Poland accelerates new SHORAD effort in wake of Ukraine; are regional customers possible? (2024)

Poland accelerates new SHORAD effort in wake of Ukraine; are regional customers possible? (1)

Design for part of the Narew SHORAD system from Poland. (PGZ)

WARSAW: When British giant MBDA and the PGZ-Narew consortium signed a late April agreement to work together on Poland’s homegrown Narew short-range air defense system, it was a major moment for a domestic Polish defense industry that can feel looked down upon by the Western powers.

But it also highlighted the simple fact that, after two and a half months of war in Ukraine, one of the biggest lessons is that SHORAD capabilities might be the difference between life and death — and Poland is paying attention.

The war between Russia and Ukraine “proved and underlined SHORAD and [air defense] capabilities have a great importance,” Tomasz Smura, Director of the Research Office of the Casimir Pulaski Foundation, told Breaking Defense. “Both countries have air defense sufficient to discourage the opponent to conduct air operations. Russians were not able to suppress Ukrainian air defense, what was best shown during a failed helicopter assault in the first days of war.”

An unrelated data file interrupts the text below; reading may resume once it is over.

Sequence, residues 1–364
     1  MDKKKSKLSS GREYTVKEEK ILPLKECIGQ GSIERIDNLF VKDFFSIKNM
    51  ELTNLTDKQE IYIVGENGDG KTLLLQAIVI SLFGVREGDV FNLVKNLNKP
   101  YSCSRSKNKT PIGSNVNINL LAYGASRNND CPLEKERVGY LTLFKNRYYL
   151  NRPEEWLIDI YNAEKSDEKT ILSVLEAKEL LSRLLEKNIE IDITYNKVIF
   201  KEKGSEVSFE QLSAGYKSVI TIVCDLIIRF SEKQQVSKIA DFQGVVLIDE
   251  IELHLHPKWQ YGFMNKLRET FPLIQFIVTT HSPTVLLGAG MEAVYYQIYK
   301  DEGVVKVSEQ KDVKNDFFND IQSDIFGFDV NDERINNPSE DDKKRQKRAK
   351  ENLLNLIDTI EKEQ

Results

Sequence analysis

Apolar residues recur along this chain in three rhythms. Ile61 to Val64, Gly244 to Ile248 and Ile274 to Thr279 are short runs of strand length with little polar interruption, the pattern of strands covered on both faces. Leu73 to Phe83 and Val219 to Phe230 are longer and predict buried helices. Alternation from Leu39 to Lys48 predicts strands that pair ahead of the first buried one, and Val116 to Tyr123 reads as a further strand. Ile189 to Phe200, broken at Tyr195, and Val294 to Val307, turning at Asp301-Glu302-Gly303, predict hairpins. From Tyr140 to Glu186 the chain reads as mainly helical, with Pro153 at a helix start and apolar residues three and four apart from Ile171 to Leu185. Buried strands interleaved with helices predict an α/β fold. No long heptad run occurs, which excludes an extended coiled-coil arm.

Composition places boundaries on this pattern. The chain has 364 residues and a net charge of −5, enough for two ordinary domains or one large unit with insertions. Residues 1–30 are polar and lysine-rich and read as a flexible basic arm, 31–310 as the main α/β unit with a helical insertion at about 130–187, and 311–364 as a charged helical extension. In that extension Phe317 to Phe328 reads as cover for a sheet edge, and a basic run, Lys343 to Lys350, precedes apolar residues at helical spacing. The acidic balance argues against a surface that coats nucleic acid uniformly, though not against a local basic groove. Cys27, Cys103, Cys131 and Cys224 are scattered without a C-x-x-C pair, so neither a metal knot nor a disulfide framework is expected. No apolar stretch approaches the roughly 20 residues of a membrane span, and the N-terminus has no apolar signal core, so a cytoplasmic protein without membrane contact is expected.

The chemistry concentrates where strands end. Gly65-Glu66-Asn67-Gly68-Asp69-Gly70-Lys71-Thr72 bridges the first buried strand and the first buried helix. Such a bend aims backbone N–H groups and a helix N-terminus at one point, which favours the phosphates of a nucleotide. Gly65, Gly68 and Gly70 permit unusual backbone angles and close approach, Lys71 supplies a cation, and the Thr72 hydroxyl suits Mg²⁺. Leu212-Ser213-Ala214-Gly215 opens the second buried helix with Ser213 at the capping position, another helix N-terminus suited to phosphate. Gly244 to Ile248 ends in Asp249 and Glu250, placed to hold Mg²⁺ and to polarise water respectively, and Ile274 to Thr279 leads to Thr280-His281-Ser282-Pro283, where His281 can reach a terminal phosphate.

Mariusz Błaszczak, Poland’s Minister of National Defense, didn’t beat about the bush when discussing the need for Narew to get up and running as quickly as possible.

“We draw conclusions from what is happening beyond our eastern border,” Błaszczak said in a statement during a press conference approving the contract for the supply of SHORAD elements under the Narew program. “We can see how important the air and anti-aircraft defense capability is. Hence, we have significantly accelerated the deliveries of the Narew system to equip the Polish Army.”

In fact, Błaszczak emphasized in “September this year the first fire unit of the Narew system will be used by the Polish army, and the second at the turn of the year,” an accelerated timetable from previous announcements.

The Narew system will be used primarily to engage multi-role aircraft, cruise missiles and UAVs operating on low altitudes, in order to protect Polish Armed Forces units, facilities and air bases. It will work as a compliment to the Wisła medium range air defense and anti-ballistic missile system — the Polish name for the American-made Patriot system whose delivery is planned to start this year.